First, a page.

April 18, 2008 | Lecture on National Security and Defense

Missile Defense: The Way Forward

President Ronald Reagan's Strategic Defense Initiative (SDI) speech of March 23, 1983, rightfully causes us to reflect on the things that have happened since it was delivered. For instance:

  • The U.S. established a Department of Defense-wide organization, now called the Missile Defense Agency (MDA), employing 3,000 people and dedicated to the missile defense mission.
  • MDA has developed and deployed the PAC-3 missile--successor to the Patriot missile--Terminal High Altitude Area Defense, and the forerunners of the Aegis Ballistic Missile Defense (BMD) program.
  • President George W. Bush, facing down those with fevered brows (the same crowd Reagan faced), took an essential step by withdrawing from the Anti-Ballistic Missile (ABM) Treaty in 2002, as we had every lawful right to do. What silly arguments they made, predicting all sorts of disasters if Bush actually withdrew--disasters that, of course, never occurred. I doubt you will hear any apologies, however.
  • Since 2002, we have fielded--they are in the ground--an initial national missile defense capability consisting of 24 ground-based interceptors capable of knocking down incoming inter-continental ballistic missiles; 17 Aegis BMD warships capable of long-range surveillance and tracking, of which 10 are also capable of missile intercepts; 21 Standard Missile-3 (SM-3) interceptors for Aegis BMD warships; and an assortment of sensors, radars, and command-and-control systems--systems that really work, now.
  • The recent shootdown of our malfunctioning satellite was one of our most remarkable technical feats to date.

Looking to the Future

Looking to the future, I believe that we will soon see important agreements signed with our allies in Poland and the Czech Republic, allowing us to base elements of our ground-based system in Eastern Europe as a defense for all Europe and the U.S. against the growing Iranian threat.

Maintaining funding for the European site is one of the hardest battles we will have to fight this year, but it is a battle we must win. It is unconscionable to me that we would pull the rug out from under allied governments and leaders who have risked so much and who have congruously stood with us against the protests of their domestic leftists and the intimidating behavior of President Vladimir Putin's Russia. And I don't think we will. (Don't you think President Reagan would have been proud of them?)

Just over the horizon is a new generation of even more powerful missile defense technologies, including more capable SM-3 missiles; better defenses against short-range rockets, artillery, and mortars; and a system of speed missiles that defeat enemy missiles in the boost phase --or even destroy them on the launch pad. These are well within our grasp. We may soon begin seeing missile defense applications for directed-energy weapons, as well as very high speed boosters.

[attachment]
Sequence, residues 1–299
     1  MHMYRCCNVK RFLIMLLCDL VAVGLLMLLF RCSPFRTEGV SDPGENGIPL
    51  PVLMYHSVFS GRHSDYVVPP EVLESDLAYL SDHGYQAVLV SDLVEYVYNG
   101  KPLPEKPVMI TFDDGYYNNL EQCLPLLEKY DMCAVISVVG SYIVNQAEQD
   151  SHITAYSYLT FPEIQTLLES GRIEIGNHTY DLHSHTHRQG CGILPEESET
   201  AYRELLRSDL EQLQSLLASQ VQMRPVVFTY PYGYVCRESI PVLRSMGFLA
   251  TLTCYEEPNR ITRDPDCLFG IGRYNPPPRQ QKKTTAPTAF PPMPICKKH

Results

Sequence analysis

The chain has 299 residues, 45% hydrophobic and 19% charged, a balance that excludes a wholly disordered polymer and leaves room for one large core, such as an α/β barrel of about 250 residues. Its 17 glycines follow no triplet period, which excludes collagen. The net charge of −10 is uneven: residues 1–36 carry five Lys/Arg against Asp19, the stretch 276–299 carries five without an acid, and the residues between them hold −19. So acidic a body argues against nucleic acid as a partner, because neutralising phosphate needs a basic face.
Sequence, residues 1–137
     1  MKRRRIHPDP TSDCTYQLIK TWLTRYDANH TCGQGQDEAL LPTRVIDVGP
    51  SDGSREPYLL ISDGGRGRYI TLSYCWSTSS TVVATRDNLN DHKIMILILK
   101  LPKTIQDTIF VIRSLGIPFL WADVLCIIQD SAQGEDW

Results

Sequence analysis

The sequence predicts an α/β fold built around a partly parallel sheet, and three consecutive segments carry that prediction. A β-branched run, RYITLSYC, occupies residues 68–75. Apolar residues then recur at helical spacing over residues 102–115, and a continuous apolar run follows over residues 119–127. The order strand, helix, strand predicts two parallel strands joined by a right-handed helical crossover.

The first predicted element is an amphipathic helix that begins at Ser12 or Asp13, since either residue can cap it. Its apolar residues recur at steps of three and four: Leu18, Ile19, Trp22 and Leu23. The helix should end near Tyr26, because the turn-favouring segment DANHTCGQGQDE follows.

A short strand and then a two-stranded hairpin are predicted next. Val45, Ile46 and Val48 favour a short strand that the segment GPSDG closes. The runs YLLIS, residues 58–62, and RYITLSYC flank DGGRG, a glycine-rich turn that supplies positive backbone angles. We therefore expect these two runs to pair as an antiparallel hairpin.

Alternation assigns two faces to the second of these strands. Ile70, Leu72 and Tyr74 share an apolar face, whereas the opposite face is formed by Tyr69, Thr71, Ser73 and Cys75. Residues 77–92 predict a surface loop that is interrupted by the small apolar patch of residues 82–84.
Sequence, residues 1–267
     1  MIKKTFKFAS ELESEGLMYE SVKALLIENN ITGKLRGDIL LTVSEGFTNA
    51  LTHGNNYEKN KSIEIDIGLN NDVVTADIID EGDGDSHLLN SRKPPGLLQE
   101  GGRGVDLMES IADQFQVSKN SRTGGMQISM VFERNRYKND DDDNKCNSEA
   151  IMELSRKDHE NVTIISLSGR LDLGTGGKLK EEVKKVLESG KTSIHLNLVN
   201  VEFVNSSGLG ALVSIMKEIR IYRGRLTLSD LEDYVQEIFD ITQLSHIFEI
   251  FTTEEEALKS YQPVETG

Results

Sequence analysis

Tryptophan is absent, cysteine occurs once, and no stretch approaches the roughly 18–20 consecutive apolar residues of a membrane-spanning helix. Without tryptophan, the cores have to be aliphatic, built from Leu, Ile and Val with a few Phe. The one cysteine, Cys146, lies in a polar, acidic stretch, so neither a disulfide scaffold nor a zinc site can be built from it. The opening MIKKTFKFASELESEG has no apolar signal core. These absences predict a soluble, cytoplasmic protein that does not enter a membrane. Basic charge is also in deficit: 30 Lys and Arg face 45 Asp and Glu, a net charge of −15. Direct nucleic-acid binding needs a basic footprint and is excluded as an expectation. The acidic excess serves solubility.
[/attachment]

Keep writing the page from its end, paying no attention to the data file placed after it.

While some Democrats oppose even funding basic research for some of these technologies, the good news is that, unlike in Reagan's time, reflexive, anti-missile defense views are small in number and no longer part of the mainstream debate on either side of the aisle.

We have, I believe, crossed the Rubicon. The Democrats on our defense committees have used their newly gained majority to nibble away at some missile defense funding, but not to slash it.

In their first year back in charge, the Democratic majority cut the missile defense request about three percent. Their decision to make only a small reduction speaks volumes: It says missile defense is now not just a conservative cause, a Reagan "Star Wars" vision, but it has become a national commitment that we must complete.

The people want this security, and the Congress will not deny it to them. Earlier in our debate, I quoted Henry Kissinger's response to the arguments against missile defense: "I never heard of a nation whose policy it is to keep itself vulnerable to attack."

At a time when totalitarian dictators and Islamic radicals are developing the means to threaten the United States and our allies with mass destruction, and when the North Koreans launched with great fanfare their Taepo Dong missile two years ago on the 4th of July, clearly missile defenses are needed more than ever.

Edward Teller, the famous Hungarian scientist who originally convinced Reagan of the need to launch SDI, put it this way: "I love my grandchildren. I want to be sure that they will be able to live out their lives without facing the terrible choice between slavery and Armageddon." Today, the Missile Defense Agency is making sure that we can all live in such a world.

But more must be done. We spend less than $10 billion on national missile defense and all our other missile programs. The momentum must not be lost. Our systems must get more robust and more capable because history teaches us that our enemies will not stand still.

As we continue to expand our systems and cooperation with allies in Europe and Asia, I believe President Reagan would be pleased that his vision was maintained through good and bad times--until it has been deployed and made our people safer from attack.

The Honorable Jeff Sessions, a Republican, represents Alabama in the United States Senate. He delivered these remarks at a March 11, 2008, Heritage Foundation event commemorating the 25th anniversary of President Reagan's Strategic Defense Initiative.